Max Rashbrooke is a journalist, author and researcher based in Wellington. He has written for national newspapers and magazines in New Zealand and the UK, including the Guardian, the NBR and Metro. He has become a major commentator on the rising gap between rich and poor in New Zealand, with Inequality: A New Zealand Crisis released in 2013, and the shorter introduction to inequality, The Inequality Debate, released in 2014. He is also a research associate of the Institute for Governance and Policy Studies at Victoria University of Wellington. He has twice been the recipient of the Bruce Jesson Senior Journalism Award, and was a 2015 Winston Churchill Fellow.
The Interregnum interrogates the future from the perspective of the generation who will shape it.
Contributors: Andrew Dean, Max Harris, Lamia Imam, Chloe King, Daniel Kleinsman, Edward Miller, Courtney Sina Meredith, Carrie Stoddart-Smith, Wilbur Townsend and Holly Walker.
The Inequality Debate was updated in July 2014 with the latest data.
New Zealand society is being reshaped, stretching to accommodate new distance between those who ‘have’ and those who ‘have not’. Income inequality is a crisis that affects us all.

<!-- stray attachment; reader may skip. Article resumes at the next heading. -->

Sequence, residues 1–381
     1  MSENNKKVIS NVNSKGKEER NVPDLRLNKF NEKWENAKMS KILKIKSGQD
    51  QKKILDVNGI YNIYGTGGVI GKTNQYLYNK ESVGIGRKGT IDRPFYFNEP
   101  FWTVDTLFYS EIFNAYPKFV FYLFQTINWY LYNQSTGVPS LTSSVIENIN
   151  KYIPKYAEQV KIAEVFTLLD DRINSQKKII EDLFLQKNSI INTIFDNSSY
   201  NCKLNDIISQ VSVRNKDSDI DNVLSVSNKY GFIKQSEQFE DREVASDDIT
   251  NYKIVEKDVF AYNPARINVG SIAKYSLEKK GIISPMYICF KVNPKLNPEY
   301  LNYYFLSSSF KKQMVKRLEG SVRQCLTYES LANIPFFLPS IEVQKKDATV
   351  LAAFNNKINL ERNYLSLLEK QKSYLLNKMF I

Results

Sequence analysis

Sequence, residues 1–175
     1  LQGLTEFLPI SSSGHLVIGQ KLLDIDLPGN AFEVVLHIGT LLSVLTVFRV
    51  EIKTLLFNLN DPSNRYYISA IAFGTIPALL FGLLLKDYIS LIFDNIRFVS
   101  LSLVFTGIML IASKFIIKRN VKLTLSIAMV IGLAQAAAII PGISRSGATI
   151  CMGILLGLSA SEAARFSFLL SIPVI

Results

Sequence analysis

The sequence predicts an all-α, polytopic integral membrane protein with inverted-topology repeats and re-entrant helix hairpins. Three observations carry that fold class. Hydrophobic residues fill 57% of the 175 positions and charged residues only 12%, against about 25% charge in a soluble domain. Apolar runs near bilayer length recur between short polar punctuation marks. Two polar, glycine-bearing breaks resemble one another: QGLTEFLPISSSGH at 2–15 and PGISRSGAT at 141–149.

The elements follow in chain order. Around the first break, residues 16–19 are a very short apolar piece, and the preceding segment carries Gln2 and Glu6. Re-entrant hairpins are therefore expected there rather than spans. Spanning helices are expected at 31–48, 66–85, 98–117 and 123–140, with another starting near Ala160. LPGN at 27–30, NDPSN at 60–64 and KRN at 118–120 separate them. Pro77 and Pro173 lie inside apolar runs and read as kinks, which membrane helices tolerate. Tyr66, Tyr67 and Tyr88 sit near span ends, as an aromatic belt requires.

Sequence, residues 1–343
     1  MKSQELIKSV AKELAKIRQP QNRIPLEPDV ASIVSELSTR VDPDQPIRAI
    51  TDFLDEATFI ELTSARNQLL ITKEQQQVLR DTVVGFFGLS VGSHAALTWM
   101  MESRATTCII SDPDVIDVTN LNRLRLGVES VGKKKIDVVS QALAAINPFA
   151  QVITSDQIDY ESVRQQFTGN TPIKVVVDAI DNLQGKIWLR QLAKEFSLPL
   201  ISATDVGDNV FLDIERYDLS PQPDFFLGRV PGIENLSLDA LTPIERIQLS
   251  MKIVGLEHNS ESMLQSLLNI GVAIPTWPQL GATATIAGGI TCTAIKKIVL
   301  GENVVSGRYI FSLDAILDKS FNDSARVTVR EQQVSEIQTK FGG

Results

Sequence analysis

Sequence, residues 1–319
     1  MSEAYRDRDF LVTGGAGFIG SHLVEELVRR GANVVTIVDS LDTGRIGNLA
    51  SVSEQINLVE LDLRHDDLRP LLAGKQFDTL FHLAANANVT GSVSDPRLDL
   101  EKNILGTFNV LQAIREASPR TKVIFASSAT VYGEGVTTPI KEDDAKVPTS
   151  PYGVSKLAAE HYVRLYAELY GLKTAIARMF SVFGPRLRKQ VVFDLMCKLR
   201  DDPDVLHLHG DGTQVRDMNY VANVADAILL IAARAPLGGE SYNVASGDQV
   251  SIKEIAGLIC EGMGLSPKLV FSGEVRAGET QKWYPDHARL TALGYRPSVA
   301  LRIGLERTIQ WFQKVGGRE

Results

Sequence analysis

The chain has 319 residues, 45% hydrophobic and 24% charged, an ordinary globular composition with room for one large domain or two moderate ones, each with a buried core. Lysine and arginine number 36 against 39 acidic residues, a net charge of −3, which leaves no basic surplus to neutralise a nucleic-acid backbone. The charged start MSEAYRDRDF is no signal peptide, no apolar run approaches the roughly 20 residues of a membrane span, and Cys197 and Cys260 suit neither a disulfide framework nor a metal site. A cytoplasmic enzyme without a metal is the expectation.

A diverse gathering of New Zealand scholars, journalists, researchers, business leaders, workers, students and parents share these pages. Their voices speak to the complex shape of income inequality, and its effects on the communities of these Pacific islands.
Which is more dangerous, a gun or a swimming pool? Which should be feared more: snakes or french fries? Who really deserves credit for the recent drop in crime? In this groundbreaking book, leading economist Steven Levitt—Professor of Economics at the University of Chicago and winner of the American Economic Association’s 2004 John Bates Clark medal for the economist under 40 who has made the greatest contribution to the discipline—reveals that the answers to such questions lie in economic theory, a field he is revolutionizing. Joined by acclaimed author Stephen J. Dubner, Levitt offers his most compelling ideas as he explores the basic questions of everyday life, reaching conclusions that have turned conventional wisdom on its head.
Brilliantly reasoned, told in compelling, forthright language, and filled with keen insight, What Do Schoolteachers and Sumo Wrestlers Have in Common? remind us that economics is ultimately the study of incentives and competition—how people get what they want, or need, when others want or need the same thing.